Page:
... twelve hundred cannons which he had taken from the Russians and Austrians, with whom he had been at war; and after reflecting for some time on the question, what he should do with them, he concluded to send them to Paris, and there to have them made into this enormous column, to ornament the centre of ...
— Rollo in Paris • Jacob Abbott

... not only in the material and in the course, but yet more earnestly in the spirit of it, let a girl's education be as serious as a boy's. You bring up your girls as if they were meant for sideboard ornament, and then complain of their frivolity. Give them the same advantages that you give their brothers—appeal to the same grand instincts of virtue in them; teach them, also, that courage and truth are the pillars of their being;—do you think that they would not answer that appeal, brave and ...
— Harvard Classics Volume 28 - Essays English and American • Various

... Pantaloon in one of the latter seemed to be enjoying Christmas in the old-fashioned manner. (3.) Panorama of Waterloo, not only patriotic, but artistic. Regular good set-to between the Highlanders and French Cuirassiers. Skull in the Relics Department—pretty ornament for the Annual Banquet at the ...
— Punch, or the London Charivari, Vol. 98 January 11, 1890 • Various

... eminent men vied with each other in doing honor to his memory. The Rev. Benjamin Colman called him "our master," and pronounced his life as "great and good." "The young men saw him and hid themselves, and the aged arose and stood up." Dr. Appleton declared that he had been "an honored ornament to his country. Verily, the breach is so wide, that none but an all-sufficient God (with whom is the residue of the Spirit) can repair or heal it." The late Benjamin Peirce, in his History of Harvard University, says that "his Presidency was successful and brilliant." He was honored abroad, as ...
— Salem Witchcraft and Cotton Mather - A Reply • Charles W. Upham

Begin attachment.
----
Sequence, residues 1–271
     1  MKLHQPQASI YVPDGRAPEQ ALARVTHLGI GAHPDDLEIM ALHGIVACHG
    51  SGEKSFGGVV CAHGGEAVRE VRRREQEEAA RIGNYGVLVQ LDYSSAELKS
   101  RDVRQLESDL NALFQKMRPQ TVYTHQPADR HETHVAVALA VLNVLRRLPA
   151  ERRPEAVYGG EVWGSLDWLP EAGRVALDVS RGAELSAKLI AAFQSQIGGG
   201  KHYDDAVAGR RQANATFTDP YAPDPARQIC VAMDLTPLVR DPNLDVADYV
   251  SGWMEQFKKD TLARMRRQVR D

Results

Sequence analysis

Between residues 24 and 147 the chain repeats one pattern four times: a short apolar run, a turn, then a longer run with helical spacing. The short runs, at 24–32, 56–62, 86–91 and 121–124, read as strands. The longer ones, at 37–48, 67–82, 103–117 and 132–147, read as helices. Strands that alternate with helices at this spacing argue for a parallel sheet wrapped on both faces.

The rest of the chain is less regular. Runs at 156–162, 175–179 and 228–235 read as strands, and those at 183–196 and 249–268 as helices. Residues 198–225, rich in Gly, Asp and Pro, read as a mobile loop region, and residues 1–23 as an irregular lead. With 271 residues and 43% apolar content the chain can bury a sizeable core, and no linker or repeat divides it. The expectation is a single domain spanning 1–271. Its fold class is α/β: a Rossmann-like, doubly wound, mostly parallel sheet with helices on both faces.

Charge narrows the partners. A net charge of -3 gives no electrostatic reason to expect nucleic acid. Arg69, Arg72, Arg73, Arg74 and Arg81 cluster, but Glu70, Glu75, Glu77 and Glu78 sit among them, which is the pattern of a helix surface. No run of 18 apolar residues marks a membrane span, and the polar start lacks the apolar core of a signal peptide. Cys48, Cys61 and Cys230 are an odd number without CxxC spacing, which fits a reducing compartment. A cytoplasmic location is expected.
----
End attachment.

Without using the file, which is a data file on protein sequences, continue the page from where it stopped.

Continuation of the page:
... to the son of King James II. of England. This letter not only reflects the sentiments of his own heart, but formularizes in this particular the decrees of the Church, of which he was a distinguished ornament. "Above all," he writes, "never force your subjects to change their religion. No human power can reach the impenetrable recess of the free will of the heart. Violence can never persuade men; it serves only to make hypocrites. ...
— The Faith of Our Fathers • James Cardinal Gibbons

... He was dressed in the peculiar and picturesque costume of his people, made magnificent by fineness of material and the richness of decoration. Besides the usual Indian weapons, all of polished steel and silver-mounted, he wore a handsomely hilted English broad-sword, though less as an ornament than as a badge of ...
— Burl • Morrison Heady

... Books, Appropriated to the Use of a Parish Library." This sermon was printed in the year 1787, with the following dedication: "To his Excellency Benjamin Franklin, President of the State of Pennsylvania, the Ornament of Genius, the Patron of Science, and the Boast of Man, this Discourse is Inscribed, with the Greatest Deference, Humility, and Gratitude, by his Obliged and Most Humble ...
— From Boyhood to Manhood • William M. Thayer

... the rain water to run off, and because he would have the outline look like the segment of a large circle, resting on the abutments. A double line over the arches gives a finish to the bridge, and perhaps looks as well, or almost as well, as balustrades, for not a sixpence has been allowed for ornament on these works. The sides are protected by water-wings, which are embankments of stone, to prevent the floods from extending on either side, and attacking ...
— The Life of Thomas Telford by Smiles • Samuel Smiles

... wait in a square, cheerless, dimly-lighted room pervaded by a musty smell, that had for only furniture a couple of chairs and a praying-stool, and for only ornament a great, gaunt crucifix hanging upon one of its ...